Making your very own LomoKino movie is really fun and rewarding, but it also requires some time and effort. Now here's some good news - Samplomat will make it easier for you! This desktop application is free for Mac and Windows systems. Let the LomoKino movie-making begin!
Process your LomoKino films the right way! Get scans, movie and negatives. This is the easiest way to turn those movie rolls into completed masterpieces! Check this service now!(Service availability depends on your markets)
The Lomography Belair X 6-12 is more than just a medium format camera. It is lightweight, compact, and capable of shooting photos in three different sizes: 6x12, 6x9, and 6x6. Equipped with a high quality interchangeable lens system and and automatic exposure, it can give you beautiful shots in every roll. It can also take three different film formats: 120mm, 35mm, and instant. Read on to find out all about this fantastic camera.
There's a lot that you can do with a Lomo LC-A+/Lomo LC-Wide and a Krab, besides the obvious (which is take it in the water with you). Get creative by trying various angles and perspectives; you'll be surprised how a slight tilt can make a dramatic difference to your photos. Take a look at the gallery below for some inspiration!
It might not look like it, but the Diana Baby 110 is definitely more than it lets on. For example, did you know that you can alternate using 12mm and 24mm lenses with it? Find out how in this tutorial!
Unfortunately, it happens sometimes that your resulting pictures are not what you expected - the image doesn't look that good, the colors are bland, and the subject is banal. Indeed, it couldn't be picture of the year! Herein I propose a second chance for your pictures by modifying your 35mm negatives. Just pick up some ideas from here, experiment, and scan your negatives with the Lomography Smartphone Scanner. Anything is possible: burning, scratching, putting on hydrochloric acid, balsamic vinegar, nail polish, bleach, or raspberry juice... use your imagination and write down your new film soup recipe! You can find a sample of the effects in this article.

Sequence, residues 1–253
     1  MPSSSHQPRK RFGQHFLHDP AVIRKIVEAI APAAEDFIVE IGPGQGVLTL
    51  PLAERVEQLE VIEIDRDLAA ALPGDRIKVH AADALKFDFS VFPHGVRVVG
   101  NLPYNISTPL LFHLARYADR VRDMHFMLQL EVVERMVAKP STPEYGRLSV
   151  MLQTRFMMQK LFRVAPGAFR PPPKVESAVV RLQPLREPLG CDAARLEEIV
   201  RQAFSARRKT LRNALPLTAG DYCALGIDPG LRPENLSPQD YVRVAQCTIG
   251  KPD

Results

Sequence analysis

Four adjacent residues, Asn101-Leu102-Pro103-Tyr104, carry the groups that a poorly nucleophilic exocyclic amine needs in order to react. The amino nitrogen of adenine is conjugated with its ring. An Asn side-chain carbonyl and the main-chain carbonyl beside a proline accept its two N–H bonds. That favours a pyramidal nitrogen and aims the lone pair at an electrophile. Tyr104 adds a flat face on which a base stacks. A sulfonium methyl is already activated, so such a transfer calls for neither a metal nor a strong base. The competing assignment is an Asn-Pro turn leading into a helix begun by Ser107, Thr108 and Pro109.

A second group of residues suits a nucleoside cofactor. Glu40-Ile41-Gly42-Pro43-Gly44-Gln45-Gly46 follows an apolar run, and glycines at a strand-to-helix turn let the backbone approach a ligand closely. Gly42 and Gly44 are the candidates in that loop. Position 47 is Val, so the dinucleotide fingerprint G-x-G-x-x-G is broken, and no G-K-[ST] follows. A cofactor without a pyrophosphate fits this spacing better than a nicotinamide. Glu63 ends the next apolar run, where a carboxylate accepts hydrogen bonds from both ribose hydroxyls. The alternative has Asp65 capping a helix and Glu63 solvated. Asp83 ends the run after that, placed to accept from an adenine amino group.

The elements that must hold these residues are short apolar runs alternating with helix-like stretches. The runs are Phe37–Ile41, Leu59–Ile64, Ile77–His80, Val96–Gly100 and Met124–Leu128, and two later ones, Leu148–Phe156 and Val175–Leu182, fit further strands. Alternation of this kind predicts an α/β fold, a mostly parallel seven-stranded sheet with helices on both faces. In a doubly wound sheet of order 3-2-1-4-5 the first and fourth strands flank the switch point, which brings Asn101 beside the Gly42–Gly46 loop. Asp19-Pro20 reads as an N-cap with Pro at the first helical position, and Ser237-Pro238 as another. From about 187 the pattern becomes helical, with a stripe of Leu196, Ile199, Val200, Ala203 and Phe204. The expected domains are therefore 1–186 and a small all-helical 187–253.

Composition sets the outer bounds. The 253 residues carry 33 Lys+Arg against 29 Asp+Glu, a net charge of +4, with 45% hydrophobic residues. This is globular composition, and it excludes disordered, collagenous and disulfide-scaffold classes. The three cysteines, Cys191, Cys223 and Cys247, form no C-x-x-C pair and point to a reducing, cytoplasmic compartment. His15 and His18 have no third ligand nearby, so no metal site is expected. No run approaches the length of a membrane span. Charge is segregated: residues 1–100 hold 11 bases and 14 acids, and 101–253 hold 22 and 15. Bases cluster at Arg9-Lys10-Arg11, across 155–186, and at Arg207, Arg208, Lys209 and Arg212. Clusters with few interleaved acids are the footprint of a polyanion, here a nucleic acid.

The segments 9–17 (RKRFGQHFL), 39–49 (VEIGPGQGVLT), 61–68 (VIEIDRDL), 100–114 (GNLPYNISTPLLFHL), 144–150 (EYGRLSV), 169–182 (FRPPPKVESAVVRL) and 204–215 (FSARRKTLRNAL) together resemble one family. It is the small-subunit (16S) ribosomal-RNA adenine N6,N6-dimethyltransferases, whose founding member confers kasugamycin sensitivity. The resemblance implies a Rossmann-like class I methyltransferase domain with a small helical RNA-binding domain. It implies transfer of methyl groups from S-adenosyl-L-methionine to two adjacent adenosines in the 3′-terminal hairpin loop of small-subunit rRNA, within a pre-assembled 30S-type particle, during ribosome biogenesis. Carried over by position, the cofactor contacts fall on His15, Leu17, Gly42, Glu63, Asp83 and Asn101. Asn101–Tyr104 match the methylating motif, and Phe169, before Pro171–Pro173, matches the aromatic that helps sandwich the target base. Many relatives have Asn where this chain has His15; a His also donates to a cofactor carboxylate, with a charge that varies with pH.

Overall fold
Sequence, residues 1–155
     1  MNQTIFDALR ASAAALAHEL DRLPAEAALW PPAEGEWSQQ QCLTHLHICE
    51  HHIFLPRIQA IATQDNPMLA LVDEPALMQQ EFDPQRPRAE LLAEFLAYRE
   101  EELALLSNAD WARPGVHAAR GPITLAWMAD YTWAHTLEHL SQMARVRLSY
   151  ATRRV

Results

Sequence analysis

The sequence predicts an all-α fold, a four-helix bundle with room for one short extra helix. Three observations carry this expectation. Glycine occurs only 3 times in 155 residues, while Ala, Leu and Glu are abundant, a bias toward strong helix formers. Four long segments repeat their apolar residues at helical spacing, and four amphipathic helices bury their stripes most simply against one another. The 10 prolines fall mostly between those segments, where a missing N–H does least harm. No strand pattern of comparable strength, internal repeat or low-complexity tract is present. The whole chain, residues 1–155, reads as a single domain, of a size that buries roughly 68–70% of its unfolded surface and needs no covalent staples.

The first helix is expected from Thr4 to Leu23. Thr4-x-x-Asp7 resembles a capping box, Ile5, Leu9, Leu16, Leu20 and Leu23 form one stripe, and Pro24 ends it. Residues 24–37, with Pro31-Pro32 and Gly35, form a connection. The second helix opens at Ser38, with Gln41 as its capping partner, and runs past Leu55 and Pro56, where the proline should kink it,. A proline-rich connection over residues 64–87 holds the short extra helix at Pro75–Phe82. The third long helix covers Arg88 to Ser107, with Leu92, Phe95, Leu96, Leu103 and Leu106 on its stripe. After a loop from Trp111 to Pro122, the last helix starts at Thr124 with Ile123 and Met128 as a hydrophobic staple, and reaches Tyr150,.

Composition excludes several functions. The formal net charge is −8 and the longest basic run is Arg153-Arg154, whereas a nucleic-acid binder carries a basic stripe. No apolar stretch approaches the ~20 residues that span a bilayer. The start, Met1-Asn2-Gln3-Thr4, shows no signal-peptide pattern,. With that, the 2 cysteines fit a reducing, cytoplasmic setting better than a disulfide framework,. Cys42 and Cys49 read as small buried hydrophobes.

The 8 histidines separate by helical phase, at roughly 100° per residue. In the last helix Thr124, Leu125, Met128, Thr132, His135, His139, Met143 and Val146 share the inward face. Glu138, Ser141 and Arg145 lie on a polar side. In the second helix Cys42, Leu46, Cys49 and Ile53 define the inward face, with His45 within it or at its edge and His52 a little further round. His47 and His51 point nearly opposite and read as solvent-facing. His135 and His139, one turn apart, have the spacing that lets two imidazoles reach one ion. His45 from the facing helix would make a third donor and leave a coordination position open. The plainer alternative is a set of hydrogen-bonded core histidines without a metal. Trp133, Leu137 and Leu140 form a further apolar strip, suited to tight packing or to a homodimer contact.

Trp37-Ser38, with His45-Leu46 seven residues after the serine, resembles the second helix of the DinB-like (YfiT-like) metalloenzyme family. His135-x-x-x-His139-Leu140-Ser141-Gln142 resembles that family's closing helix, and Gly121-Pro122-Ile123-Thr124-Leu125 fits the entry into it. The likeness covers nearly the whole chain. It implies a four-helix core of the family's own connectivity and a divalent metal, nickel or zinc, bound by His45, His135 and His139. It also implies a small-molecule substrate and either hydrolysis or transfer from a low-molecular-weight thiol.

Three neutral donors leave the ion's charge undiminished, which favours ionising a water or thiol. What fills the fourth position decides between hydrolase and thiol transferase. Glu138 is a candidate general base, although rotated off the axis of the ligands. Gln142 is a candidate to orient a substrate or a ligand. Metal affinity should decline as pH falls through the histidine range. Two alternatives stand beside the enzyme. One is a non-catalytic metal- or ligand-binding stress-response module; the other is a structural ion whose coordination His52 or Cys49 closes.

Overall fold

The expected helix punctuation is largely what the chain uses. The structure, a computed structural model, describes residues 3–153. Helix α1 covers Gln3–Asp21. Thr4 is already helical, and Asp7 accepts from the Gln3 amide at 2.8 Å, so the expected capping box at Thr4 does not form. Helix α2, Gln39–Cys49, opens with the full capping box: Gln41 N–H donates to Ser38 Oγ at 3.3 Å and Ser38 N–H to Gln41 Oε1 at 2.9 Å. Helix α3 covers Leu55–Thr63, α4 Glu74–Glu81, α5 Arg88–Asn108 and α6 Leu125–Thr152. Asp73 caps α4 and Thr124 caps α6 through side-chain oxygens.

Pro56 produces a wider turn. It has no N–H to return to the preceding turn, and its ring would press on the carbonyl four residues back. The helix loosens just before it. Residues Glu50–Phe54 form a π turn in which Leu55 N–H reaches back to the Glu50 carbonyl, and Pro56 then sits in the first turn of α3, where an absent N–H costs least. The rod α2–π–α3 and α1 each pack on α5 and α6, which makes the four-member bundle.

Did you catch the solar eclipse that happened recently? Word on the street is that it even resulted in a total eclipse in some areas of Europe, making it a pretty rare occasion for the folks that got to see it! We're guessing that some of you even had your cameras to catch the whole shebang on film — which is why we're throwing a competition for the best eclipse and sun inspired shots out there. Come on in and check out the details!
Ever since light painting was invented, it inspired artists from all around the globe to magical creations that capture hidden movements and reinvent the world we live in. "Life is a fairy tale, stay wild little child!" is what they want to tell us. Bringing light to life became the next challenge for anyone rigged with a film camera and a creative mind.
Now, how can you take your analogue light paintings from the ordinary to the outstanding? After the carriage came the car, so we definitely need some spacy inventions to follow the old school light pen. So here it is, our new best friend: The Pixelstick!